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### Gnomes in Trouble (Again!)

```Date: 04/26/2002 at 11:27:04
Subject: the gnomes are in trouble again

Hi,

I'm from Romania, and my English is not very good, so I apologise in

I found your site a few days ago. I've browsed through the archives
and seen interesting problems and answers, but the one with the
gnomes I like in particular. Here's another one:

The ten gnomes are free again. Their encounter with the harsh king
had a happy ending - all ten survived - but the poor creatures are
haunted by bad luck. They are captured by an evil oriental sultan who
has three hobbies: puzzles, collecting precious stones, and impaling
his enemies and/or subjects.

He promises the gnomes to set them free if they successfully pass the
following test: They will sit in a room, each individual with a box in
front of him. The first gnome will leave the room and can return and
retake his place only after the sultan places in the first box a
single stone from a large bag full of rubies and emeralds. The same
process is repeated for each gnome until each box contains a stone
(ruby or emerald).

Now: every gnome knows what kind of stone is in all other nine boxes,
except his own. Then the sultan says: "I'll give you a command and
I'll say it no more than ten times. If, after the tenth call, you
don't obey this command then I'll...(guess what!) all of you!".

Then the sultan proceeds to say his command: "All those, and only
those, of you who have a ruby in your box bring them to me." Nobody
moves. After a while the sultan says it again, and again nobody
moves. The same scenario repeats a third, fourth, and fifth time.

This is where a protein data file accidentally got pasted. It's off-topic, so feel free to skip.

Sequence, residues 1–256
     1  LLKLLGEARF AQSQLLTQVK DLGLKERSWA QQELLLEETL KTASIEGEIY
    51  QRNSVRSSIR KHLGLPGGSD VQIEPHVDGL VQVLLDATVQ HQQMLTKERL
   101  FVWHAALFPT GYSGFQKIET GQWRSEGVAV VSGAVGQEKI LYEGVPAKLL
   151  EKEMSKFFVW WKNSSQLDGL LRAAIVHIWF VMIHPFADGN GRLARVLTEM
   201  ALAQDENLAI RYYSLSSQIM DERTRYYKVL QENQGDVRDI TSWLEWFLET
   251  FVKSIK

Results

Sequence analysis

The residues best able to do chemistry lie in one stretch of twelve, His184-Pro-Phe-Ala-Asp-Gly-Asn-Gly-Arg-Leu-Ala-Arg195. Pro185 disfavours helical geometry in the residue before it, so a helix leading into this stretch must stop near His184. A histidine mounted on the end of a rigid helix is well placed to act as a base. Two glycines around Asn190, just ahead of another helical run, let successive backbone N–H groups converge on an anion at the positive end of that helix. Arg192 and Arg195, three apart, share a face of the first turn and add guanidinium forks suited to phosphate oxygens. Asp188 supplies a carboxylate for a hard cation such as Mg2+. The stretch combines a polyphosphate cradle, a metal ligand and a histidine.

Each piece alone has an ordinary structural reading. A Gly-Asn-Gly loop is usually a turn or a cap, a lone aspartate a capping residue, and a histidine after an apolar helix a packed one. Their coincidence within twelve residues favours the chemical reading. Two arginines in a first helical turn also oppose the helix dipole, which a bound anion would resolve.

But after sultan's sixth call, six gnomes stands up and bring their
boxes at sultan's feet. Needless to say, all six boxes contained only
rubies and the remaining four gnomes had only emeralds in theirs.

QUESTION: What was their strategy? How did they reason? (They are not
allowed to use secret signs or other dirty tricks).

Another observation: The author doesn't specify but implies in his
description is that the gnomes could not discuss their strategy in
advance but must rely only in their individual wit and empathy.

Four years ago I found this problem in an old book and it has bothered
me ever since.  This is an adaptation (I wanted it to be a gnome
sequel), but save for the names of leading characters, everything is
the same as the original one. I tried to solve it, but I couldn't, so

It's not that I found a flaw in it, but I don't fully understand that
type of logic (if correct). If you think is worth investing your time
in it, please send me your solution (if any). If you are still
interested, I'll send you the author's answer.

```

```
Date: 04/28/2002 at 13:22:49
From: Doctor Rick
Subject: Re: the gnomes are in trouble again

Hi, Andrei.

Thanks for the interesting puzzle! It makes a nice sequel to

Gnomes and Hats

By the way, have you seen this other colored-hat probability problem?

Probability and the Prisoner Problem
http://mathforum.org/dr.math/problems/nick.07.04.01.html

Moving on to your puzzle, I am wondering if there might be a piece
missing.

Here is my thinking, working backward. Each of the 6 gnomes who come
forward on the sixth call must be thinking something like
this: "There are five gnomes that I know have rubies in their boxes.
If I had an emerald in mine, then each of these would know of only
four gnomes with rubies. They would have concluded before the fifth
call that they had rubies. Since they did not come forward on the
fifth call, I must have a ruby in my box."

The big question is, how could those five hypothetical gnomes have
concluded that they had rubies? Presumably they would have gone
through the exact same thought process, but with one fewer call
already given, and one fewer ruby known to be in another gnome's box.

We can follow this process back five steps, to the time before any
command has been issued. Here we find a hypothetical gnome who knows
all the others got emeralds. Somehow he is able to conclude that he
gnomes have concluded. How can he do this? I can only see one way: if
all the gnomes know that AT LEAST ONE RUBY WAS PLACED IN A BOX. Then
a gnome who knew all the others got emeralds would be ready, at the
first command, to come forward: he knows he got a ruby.